Wireless networks are becoming so pervasive that “warchalking” may become extinct. Warchalkers use chalk to write coded symbols on the sides of buildings, informing other wardrivers how to access open APs within those buildings.11 But with so many new wireless networks popping up all the time, warchalking is becoming superfluous.
Lastly, there is even something called “warspying,” the detection and viewing of wireless video. Warspying is usually done by riding around with an X10 receiver.12 Welcome to YouTube.
“Technology...is a queer thing. It brings you great gifts with one hand, and it stabs you in the back with the other.”13 Lawyers who use but do not understand the rudiments of wireless technology are tempting fate, since no legislation will prevent the compromise of confidential client information, the consequent embarrassment, or the other possible costs.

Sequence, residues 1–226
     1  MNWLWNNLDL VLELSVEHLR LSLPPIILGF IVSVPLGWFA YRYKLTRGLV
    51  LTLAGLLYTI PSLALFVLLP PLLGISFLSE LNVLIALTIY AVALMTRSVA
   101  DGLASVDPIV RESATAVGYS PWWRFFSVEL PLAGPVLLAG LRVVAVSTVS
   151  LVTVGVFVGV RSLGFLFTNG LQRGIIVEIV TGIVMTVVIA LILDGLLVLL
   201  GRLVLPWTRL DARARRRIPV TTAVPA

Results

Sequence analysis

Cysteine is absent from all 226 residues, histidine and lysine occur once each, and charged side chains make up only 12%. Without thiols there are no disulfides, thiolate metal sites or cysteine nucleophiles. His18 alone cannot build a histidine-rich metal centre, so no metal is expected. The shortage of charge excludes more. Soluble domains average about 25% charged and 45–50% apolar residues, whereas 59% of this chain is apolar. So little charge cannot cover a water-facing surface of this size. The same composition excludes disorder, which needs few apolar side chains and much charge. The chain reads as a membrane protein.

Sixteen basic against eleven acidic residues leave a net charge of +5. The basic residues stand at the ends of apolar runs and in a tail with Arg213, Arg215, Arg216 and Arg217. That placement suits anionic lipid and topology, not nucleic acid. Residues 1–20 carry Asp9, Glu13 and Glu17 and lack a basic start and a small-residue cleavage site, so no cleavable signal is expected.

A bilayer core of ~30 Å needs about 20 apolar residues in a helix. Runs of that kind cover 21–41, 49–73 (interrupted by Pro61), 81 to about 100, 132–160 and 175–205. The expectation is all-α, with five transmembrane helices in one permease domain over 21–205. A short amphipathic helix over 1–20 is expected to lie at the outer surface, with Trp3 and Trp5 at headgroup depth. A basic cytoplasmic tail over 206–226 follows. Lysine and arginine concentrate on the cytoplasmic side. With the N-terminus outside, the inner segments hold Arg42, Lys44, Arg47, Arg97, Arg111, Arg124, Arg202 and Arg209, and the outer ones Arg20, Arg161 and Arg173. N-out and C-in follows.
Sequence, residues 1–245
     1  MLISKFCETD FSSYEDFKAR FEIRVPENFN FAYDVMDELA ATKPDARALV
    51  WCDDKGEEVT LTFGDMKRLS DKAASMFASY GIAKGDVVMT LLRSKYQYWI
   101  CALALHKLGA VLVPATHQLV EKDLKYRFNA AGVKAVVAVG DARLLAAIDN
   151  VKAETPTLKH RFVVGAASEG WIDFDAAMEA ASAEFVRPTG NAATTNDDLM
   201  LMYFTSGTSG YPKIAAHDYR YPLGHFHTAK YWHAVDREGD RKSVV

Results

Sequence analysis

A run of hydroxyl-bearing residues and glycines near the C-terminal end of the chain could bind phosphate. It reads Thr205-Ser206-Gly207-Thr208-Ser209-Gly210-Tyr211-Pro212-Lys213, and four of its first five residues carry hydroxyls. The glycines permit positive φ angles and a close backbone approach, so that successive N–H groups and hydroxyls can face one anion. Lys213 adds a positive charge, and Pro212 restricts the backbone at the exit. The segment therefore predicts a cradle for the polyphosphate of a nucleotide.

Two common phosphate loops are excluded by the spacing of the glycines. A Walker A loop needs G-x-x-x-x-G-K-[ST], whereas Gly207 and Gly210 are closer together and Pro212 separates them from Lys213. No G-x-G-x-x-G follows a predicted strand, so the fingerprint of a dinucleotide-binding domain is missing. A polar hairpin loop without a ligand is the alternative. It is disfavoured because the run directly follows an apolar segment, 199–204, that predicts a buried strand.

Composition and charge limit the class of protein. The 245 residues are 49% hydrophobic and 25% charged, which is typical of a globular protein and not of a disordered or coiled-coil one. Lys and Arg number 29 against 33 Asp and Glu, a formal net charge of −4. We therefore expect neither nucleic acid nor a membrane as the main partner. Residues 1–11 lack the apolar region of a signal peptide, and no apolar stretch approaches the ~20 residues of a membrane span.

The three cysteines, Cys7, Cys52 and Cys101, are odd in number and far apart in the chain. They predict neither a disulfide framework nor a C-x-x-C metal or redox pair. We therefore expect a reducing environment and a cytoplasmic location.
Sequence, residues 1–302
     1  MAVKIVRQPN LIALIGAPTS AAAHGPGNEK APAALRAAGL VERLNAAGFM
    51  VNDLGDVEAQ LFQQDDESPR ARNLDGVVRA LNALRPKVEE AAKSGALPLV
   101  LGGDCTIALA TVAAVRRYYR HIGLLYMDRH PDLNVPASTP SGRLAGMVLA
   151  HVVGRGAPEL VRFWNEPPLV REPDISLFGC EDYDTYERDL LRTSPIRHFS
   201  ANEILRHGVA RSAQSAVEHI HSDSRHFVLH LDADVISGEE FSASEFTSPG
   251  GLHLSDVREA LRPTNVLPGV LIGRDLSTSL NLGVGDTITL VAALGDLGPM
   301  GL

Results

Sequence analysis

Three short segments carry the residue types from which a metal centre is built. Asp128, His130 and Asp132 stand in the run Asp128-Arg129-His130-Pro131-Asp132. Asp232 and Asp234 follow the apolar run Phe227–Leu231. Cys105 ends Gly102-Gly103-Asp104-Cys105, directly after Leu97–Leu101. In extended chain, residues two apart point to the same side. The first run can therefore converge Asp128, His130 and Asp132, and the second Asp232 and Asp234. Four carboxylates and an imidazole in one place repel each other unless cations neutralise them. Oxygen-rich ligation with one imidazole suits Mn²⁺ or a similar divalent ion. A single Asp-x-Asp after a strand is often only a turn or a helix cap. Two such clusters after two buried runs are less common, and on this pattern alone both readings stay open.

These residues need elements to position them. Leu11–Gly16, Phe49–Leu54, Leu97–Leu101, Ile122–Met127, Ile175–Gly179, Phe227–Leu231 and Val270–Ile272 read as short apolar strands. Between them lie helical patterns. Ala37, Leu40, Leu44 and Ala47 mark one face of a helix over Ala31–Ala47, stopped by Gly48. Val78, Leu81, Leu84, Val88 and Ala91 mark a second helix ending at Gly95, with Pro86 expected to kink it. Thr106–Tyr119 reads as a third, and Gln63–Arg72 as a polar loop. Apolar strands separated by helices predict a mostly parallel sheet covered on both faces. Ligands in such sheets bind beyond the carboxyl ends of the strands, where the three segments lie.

1 Wi-Fi (also WiFi or WIFI,) short for wireless fidelity, refers to communicating without cords or cables, mainly using radio frequencies and/or infrared waves.
2 Bus. and Prof. Code §§6067, 6068(e); In re Atchley (1957) 48 Cal.2d 408, 418.
3 Evid. Code §952; 18 USCA §2517(4) (privileged transmissions intercepted in accordance with (or in violation of) federal wiretapping statute do not lose their privileged character); Orange County Bar Ass’n. Formal Op. No. 97-002.
4 A.B.A. Formal Op. No. 99-413 (unencrypted e-mail sent over the Internet “affords a reasonable expectation of privacy from a technological and legal standpoint.”) See also Orange County Bar Ass’n. Formal Op. No. 97-002, concluding that encryption is encouraged but not required.